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Old 29th May 2014, 02:10 PM   #1
SyBorg is offline SyBorg  United States
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Default Full Range Electrostatic Question

In the various threads here on making ESL panels one common theme is that the panel resonance defines a low end cutoff for the usable frequency response of the speaker. (That and the saturation of the transformers, the d/s etc.) In making several panels myself, the lowest I could get the resonance and have the panel work reasonably well was in the 60-65 Hz range.

How is it that Martin Logan, Acoustat and others can produce a full range panel? I have a pair of ML CLSII that have a fairly smooth response down to about 30Hz. Nowhere in the electronics do I see a notch filter for the resonant frequency of the panel. Is it Judicious spacing of the damping tape, the curve of the panel, or something else?
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Old 29th May 2014, 03:55 PM   #2
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I don't know anything about ESL panels, but the idea that Fs limits useable bandwidth is common with cone speakers also, but it's not true. A voltage source amplifier doesn't care about speaker resonance, but tube amps might have trouble. The impedance spike would mess up crossover filter, but you are full range.

Quad uses 4-6 smaller panels rather than single large panel like Martin Logan, so Quad's panel Fs should be higher. But they play <40Hz without any problem.
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Old 29th May 2014, 09:52 PM   #3
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Quote:
Originally Posted by SyBorg View Post
In the various threads here on making ESL panels one common theme is that the panel resonance defines a low end cutoff for the usable frequency response of the speaker….In making several panels myself, the lowest I could get the resonance and have the panel work reasonably well was in the 60-65 Hz range. How is it that Martin Logan, Acoustat and others can produce a full range panel?
You are correct that the fundamental resonance of an ESL panel defines its useful low frequency limit. Near field acoustic output will fall -12dB/oct below resonance with frequency independent voltage source driving the stators. This is similar to the behavior of dynamic woofer in sealed enclosure. Far field response will most likely have an additional -6dB/oct roll off increment from dipole cancellation, again similar to a dynamic dipole.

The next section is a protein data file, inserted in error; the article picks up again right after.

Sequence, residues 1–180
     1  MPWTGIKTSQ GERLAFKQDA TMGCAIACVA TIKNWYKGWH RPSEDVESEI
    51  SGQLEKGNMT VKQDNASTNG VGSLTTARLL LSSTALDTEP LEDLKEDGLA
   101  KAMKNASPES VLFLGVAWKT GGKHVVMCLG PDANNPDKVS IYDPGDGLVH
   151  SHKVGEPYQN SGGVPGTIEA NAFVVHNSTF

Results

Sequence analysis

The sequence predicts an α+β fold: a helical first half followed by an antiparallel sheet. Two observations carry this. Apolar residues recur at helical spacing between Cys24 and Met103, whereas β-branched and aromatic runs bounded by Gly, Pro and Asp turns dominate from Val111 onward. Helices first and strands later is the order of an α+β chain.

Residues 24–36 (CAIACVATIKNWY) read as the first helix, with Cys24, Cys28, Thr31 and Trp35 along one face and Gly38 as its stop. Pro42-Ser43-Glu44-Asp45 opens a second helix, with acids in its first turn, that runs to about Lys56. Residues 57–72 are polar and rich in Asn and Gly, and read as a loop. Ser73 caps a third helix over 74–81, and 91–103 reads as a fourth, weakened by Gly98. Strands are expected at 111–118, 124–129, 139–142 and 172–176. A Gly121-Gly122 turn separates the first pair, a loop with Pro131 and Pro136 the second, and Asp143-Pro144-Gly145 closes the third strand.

With dynamic drivers, you adjust resonance by varying moving mass and suspension stiffness. With ESL diaphragms being so light, the moving mass is defined by the airload which is roughly proportional to area. For ESL diaphragms of a given area, you can adjust resonance by varying tension and unsupported width. If you are after resonance ~ 30hz, I would suggest using minimal mechanical tension(or heat shrink tension) and unsupported widths of 6” to 10”. Be aware that if you want to have useful(+95dB) output down at 30hz you will need large area as your excursion is generally limited to 1/16” – 1/8”.

One other option is to use a large unsupported width which results in extremely low resonance and perhaps diaphragm instability and sticking to the stators. Then, start adding silicone or foam tape "dots" spaced down the middle of the panel until you achieve the resonance you are after.

Acoustat and QUAD apply acoustic damping to keep the LF response around resonance from being too peaky. Acoustat used thick felt pads spaced down the center of the panel. QUAD used/uses silk screen mesh attached to the inside of the stators. Martin Logan did not use any damping on their CLS that I am aware of. See the attached published response curves comparing the LF behavior between CLS(undamped) and QUAD ESL63(damped).

I posted measurements showing damping effectiveness of felt and silk screen mesh here:
Mechanical Sectioning .vs. Silicon dots for resonance control

Also, be aware that with low tension, resonance frequency will decrease noticeably as bias voltage is increased.
Details here:
Diaphragm Resonance change with HV bias